The thoughtful tendency within the Labour Party has begun to reassert the view that R H Tawney set out 70 years ago: meritocracy is no substitute for equality. By definition it provides "escape routes" for only a small part of the population. What is more, without greater equality it does not even extend the mobility that Tony Blair claims is the object of his political philosophy. For most of the population, the "escape routes" are cut off.

Opportunities to rise are not a substitute for a large measure of practical equality. Nor do they make immaterial the existence of sharp disparities of income and social condition. On the contrary: it is only the presence of a high degree of practical equality that can diffuse and generate opportunities to rise. The existence of such opportunities, in fact not merely in form, depends upon not only an open road but an equal start.

If the Blairite majority within the cabinet is serious about extending "the opportunity society" to the country as a whole, it has to turn aspiration into reality by promoting equality.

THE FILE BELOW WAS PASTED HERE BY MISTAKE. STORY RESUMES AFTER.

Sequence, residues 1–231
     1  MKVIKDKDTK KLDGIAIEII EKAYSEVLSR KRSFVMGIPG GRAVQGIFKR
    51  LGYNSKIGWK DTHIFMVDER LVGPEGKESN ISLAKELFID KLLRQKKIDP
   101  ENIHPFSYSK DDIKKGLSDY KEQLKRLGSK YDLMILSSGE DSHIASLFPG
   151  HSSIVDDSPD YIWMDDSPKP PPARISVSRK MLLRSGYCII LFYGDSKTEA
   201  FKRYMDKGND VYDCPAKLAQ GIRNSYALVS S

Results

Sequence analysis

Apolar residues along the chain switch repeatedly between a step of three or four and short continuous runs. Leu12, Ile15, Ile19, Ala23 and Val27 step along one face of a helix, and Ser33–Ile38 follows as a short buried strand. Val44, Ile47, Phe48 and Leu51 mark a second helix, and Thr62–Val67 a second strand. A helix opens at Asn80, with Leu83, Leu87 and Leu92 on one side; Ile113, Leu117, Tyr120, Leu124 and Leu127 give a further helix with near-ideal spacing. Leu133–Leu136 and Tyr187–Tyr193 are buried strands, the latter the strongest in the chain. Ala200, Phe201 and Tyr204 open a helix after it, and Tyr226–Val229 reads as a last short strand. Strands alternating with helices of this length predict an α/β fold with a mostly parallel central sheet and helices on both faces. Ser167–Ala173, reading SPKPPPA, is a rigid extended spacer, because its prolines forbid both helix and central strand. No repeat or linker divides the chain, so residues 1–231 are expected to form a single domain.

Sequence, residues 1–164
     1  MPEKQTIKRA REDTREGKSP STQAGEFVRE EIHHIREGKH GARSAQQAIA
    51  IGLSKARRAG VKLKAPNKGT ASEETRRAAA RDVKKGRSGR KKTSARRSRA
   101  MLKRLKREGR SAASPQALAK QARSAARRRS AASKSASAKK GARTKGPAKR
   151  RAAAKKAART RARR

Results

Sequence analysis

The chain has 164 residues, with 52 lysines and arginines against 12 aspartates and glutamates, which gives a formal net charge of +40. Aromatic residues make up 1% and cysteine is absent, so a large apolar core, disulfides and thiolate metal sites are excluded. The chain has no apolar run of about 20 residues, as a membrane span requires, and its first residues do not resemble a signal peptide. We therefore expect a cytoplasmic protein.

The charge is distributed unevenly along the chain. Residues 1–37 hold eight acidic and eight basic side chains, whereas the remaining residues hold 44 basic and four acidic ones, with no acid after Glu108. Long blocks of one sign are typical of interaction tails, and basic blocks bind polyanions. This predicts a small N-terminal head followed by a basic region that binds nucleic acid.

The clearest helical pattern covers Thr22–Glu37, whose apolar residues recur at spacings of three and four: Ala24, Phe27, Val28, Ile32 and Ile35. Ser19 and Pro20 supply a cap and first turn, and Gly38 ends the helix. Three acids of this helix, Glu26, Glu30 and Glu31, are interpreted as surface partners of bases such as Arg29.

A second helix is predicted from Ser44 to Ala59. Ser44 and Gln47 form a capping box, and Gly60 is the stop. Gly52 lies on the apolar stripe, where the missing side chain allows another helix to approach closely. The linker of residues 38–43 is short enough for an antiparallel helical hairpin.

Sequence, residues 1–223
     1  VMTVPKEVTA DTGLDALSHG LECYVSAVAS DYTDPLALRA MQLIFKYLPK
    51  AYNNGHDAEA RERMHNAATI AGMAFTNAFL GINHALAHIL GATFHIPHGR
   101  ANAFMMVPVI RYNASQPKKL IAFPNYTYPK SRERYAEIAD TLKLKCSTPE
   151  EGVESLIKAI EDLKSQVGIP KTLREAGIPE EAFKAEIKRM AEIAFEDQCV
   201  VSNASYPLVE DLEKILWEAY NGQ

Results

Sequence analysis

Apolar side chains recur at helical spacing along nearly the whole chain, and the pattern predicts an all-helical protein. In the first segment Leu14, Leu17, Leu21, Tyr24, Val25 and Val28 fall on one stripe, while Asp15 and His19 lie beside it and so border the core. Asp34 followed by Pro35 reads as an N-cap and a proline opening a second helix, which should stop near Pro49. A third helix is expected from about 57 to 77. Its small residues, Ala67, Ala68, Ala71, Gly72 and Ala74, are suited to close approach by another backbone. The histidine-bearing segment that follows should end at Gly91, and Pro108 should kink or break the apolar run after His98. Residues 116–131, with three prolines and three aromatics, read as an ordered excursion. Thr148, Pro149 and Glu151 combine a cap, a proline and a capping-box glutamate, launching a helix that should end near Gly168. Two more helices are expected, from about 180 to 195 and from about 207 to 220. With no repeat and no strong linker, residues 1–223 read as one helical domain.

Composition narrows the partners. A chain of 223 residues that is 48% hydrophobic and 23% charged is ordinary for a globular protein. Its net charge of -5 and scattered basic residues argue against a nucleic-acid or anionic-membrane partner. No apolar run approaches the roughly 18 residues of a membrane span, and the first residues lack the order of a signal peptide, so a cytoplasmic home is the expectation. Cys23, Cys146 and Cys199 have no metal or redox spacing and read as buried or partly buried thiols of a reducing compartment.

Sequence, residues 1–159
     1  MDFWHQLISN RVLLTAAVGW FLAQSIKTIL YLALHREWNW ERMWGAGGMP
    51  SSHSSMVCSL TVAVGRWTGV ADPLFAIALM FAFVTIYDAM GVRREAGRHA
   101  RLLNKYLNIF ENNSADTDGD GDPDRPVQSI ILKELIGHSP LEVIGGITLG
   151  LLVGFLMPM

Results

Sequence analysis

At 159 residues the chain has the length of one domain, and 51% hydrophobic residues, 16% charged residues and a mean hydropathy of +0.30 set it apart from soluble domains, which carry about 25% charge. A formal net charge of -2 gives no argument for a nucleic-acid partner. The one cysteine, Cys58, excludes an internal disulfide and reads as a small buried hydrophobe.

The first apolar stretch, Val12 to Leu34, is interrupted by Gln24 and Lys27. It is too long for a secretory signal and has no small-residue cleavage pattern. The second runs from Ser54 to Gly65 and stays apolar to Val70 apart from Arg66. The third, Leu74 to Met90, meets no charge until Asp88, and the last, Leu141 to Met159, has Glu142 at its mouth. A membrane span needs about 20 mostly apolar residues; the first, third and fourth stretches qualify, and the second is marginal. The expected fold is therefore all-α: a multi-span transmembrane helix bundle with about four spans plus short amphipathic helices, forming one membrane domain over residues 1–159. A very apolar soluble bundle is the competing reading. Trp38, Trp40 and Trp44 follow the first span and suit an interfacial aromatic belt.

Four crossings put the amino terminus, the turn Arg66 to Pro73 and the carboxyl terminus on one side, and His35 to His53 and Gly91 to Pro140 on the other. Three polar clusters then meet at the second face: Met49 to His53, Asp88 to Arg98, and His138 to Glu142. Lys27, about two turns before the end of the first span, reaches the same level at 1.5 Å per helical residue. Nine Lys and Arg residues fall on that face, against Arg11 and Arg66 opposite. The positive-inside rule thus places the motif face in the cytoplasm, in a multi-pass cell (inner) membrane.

In the most important of the Giddens/Diamond essays - important because of its intellectual quality and more important still because of the political potential of its author - Ed Miliband asserts that "a focus only on equality of opportunity cannot be enough for progressive social democrats in the early 21st century". He goes on to argue that, although "outcomes and opportunities both matter, the two are not in opposition but are complementary. No sensible progressive today believes in strict equality of outcome. But it is much harder to achieve genuine equality of opportunity with very significant inequalities of outcome."

The joy that such a simple truth should, at long last, have been set out with such clarity is only slightly moderated by the fact that, 70 years ago, Tawney explained how to overcome the equality-of-outcome dilemma. It is resolved by a sensible definition of what equality of outcome means. R H Tawney supplied it.

Although natural endowments differ profoundly, it is the mark of a civilised society to aim at eliminating such inequalities as have their source not in individual differences, but in its own organisation - and individual differences which are the source of social energy are more likely to ripen and find expression if social inequalities are, as far as practicable, diminished.